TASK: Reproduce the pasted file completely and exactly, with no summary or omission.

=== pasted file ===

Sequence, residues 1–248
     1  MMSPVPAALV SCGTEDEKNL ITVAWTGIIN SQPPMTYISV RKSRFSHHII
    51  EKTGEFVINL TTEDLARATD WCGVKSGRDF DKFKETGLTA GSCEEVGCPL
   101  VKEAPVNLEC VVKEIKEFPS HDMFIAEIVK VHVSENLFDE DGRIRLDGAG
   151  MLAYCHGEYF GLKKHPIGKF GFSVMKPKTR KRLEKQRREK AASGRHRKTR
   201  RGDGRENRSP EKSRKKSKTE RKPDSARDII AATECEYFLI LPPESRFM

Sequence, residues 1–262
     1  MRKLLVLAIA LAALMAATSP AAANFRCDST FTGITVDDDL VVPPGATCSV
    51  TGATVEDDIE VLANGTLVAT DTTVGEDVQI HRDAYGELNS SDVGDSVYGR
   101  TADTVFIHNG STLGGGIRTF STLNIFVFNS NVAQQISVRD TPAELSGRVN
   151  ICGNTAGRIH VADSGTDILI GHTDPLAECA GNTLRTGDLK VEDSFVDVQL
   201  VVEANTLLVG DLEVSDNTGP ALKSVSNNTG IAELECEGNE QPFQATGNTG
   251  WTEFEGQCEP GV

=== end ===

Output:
Sequence, residues 1–248
     1  MMSPVPAALV SCGTEDEKNL ITVAWTGIIN SQPPMTYISV RKSRFSHHII
    51  EKTGEFVINL TTEDLARATD WCGVKSGRDF DKFKETGLTA GSCEEVGCPL
   101  VKEAPVNLEC VVKEIKEFPS HDMFIAEIVK VHVSENLFDE DGRIRLDGAG
   151  MLAYCHGEYF GLKKHPIGKF GFSVMKPKTR KRLEKQRREK AASGRHRKTR
   201  RGDGRENRSP EKSRKKSKTE RKPDSARDII AATECEYFLI LPPESRFM

Sequence, residues 1–262
     1  MRKLLVLAIA LAALMAATSP AAANFRCDST FTGITVDDDL VVPPGATCSV
    51  TGATVEDDIE VLANGTLVAT DTTVGEDVQI HRDAYGELNS SDVGDSVYGR
   101  TADTVFIHNG STLGGGIRTF STLNIFVFNS NVAQQISVRD TPAELSGRVN
   151  ICGNTAGRIH VADSGTDILI GHTDPLAECA GNTLRTGDLK VEDSFVDVQL
   201  VVEANTLLVG DLEVSDNTGP ALKSVSNNTG IAELECEGNE QPFQATGNTG
   251  WTEFEGQCEP GV